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[WN] Draft review

From: John McClure <jmcclure@hypergrove.com>
Date: Mon, 28 Nov 2005 13:43:45 -0800
To: <public-swbp-wg@w3.org>
Message-ID: <MGEEIEEKKOMOLNHJAHMKGEHJDPAA.jmcclure@hypergrove.com>

Hello,

1. The problem statement implicit in the Introduction is not clear enough. The
Introduction states that WordNet "has also been adopted in the Semantic Web
research community for use in annotation, reasoning, and as background knowledge
in ontology mapping tools" (please provide references for all this cited work,
and are they the same 'developers' mentioned by "The WordNet Task Force of the
SWBPD WG aims at providing a standard conversion of WordNet as a reference point
for developers").

Is the problem that these efforts are not well coordinated BECAUSE each is
working with  unmappable and incompatible, representations of the WN database?
Why is a single model important? It's unclear who the intended readers are for
this Note -- is the 'Semantic Web research community' the (only) stakeholder?

2. The Introduction doesn't identify what 'end-product' is envisioned by this
Note -- is it a statement of Best Practices, or is it actually a conforming
database? If the latter, the note likely should address operational policies
like versioning and access. Personally I think it's best to leave conversion to
others, the purpose of this note being a consensus statement by stakeholders.

3. The "WordNet Datamodel" section deserves more substance than it now has. This
section is important because it presents the consensus about what data is
represented within the WN database. Succinct definitions of each WN term to be
modeled in an RDFS/OWL ontology, are most definitely needed here.

4. The "Conversion to RDF/OWL" section could be transitioned to a more
comprehensive analysis of each of the three conversions accomplished to-date.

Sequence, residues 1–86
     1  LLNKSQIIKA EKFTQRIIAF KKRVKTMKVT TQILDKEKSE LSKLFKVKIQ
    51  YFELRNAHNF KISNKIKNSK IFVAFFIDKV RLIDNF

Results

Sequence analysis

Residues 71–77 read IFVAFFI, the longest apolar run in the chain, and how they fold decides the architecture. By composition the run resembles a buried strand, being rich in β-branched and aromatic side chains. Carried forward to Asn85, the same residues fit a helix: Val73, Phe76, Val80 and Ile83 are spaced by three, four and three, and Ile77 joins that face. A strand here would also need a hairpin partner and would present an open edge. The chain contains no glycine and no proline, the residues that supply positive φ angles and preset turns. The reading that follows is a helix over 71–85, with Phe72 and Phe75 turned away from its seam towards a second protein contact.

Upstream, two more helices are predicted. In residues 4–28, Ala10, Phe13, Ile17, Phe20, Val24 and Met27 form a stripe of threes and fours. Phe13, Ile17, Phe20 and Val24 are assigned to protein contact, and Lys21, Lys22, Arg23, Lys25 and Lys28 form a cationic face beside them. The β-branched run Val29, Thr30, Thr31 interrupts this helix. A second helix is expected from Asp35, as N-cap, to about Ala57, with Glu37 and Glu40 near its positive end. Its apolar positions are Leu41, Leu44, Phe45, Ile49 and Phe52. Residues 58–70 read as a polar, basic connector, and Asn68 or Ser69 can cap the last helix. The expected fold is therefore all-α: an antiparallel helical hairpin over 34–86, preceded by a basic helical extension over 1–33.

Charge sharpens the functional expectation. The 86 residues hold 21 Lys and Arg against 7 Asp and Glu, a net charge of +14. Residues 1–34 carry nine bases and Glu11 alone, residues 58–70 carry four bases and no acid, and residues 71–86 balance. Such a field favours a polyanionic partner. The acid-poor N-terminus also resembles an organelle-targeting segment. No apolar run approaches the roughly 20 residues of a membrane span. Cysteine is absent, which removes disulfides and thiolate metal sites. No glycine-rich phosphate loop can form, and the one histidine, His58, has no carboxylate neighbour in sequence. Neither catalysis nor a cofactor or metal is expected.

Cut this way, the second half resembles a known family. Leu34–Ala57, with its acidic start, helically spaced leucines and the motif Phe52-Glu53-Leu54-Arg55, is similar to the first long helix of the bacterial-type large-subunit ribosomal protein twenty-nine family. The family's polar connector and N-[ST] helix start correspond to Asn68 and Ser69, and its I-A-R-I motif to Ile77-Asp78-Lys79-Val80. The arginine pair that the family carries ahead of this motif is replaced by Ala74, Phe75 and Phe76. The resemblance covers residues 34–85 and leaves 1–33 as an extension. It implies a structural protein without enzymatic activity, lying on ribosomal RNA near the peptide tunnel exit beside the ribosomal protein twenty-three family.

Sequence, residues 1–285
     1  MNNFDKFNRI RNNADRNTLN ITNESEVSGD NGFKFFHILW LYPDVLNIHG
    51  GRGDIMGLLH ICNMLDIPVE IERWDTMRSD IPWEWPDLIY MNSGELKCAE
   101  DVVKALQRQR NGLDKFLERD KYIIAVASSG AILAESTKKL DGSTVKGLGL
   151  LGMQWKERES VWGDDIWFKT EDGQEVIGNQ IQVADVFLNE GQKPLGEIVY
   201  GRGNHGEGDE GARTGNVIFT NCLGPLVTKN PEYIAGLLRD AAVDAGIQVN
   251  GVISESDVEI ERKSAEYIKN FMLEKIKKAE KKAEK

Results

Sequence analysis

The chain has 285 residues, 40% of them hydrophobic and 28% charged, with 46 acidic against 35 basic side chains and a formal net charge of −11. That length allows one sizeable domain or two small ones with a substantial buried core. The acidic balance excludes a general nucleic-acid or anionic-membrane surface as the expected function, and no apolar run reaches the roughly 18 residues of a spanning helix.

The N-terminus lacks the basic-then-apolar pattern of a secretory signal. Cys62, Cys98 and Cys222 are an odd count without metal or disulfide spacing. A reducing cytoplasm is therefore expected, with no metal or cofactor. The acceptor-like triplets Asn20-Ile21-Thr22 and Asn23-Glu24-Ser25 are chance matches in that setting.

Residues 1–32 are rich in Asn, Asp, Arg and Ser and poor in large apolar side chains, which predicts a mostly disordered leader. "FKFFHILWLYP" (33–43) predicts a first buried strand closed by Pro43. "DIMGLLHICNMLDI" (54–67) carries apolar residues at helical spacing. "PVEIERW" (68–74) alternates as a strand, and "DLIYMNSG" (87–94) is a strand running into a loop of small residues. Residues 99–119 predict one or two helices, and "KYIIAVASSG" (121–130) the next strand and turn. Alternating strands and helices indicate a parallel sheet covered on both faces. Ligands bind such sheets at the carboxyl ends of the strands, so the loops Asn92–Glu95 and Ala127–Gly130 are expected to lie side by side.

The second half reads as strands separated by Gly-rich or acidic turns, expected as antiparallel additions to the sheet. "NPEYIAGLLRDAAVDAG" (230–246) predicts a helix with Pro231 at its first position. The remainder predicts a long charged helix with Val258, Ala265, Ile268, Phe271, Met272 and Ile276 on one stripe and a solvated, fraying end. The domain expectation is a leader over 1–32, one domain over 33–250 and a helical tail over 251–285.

Their data models could be better described, so as to identify what information
now supplied by one or another will (not) be accommodated by the Note's own WN
ontology.

5. A "Design Approach" section needs to forthrightly address whether the WN
database contains conceptual entries or ontology entries. My understanding is
that if a taxonomy is not an ontology, then it is a concept hierarchy. In other
words, please answer this: why is WN (not) a natural SKOS concept hierarchy? Of
course, a SKOS concept hierarchy would be annotated with WN-specific information
e.g., pointers to antonyms. In other words, is synset a subclassOf a
skos:concept, and why (not)?

6. A "WordNet Ontology" section could document -- for each and every term in
"WordNet Datamodel" -- pertinent RDFS and OWL definitions. It could address the
impact of the three OWL processing models on the applicability of each
definition.

7. A "WordNet Database Conformance" section could discuss minimum requirements
that a WN database purveyor would need to meet. Here one would expect
non-trivial sample entries to be provided.

8. "Using WordNet Databases" could non-normatively discuss what value-adds might
ultimately be developed by stakeholders including: a) enhancements to the
database and b) tools that use or rely upon accessing a conforming database.

Should SKOS be the basis for representation of the WN database (and I think it
should be) then it'd be quite useful to discuss whether and how a definition of
a WN entry in some ontology can be related to its definition as a SKOS concept,
that is, to allow one to discover ontologies that define a WN concept as an
rdfs:Class or owl:Class rather than as a skos:concept.

Regards,
John McClure
Received on Monday, 28 November 2005 21:43:02 GMT

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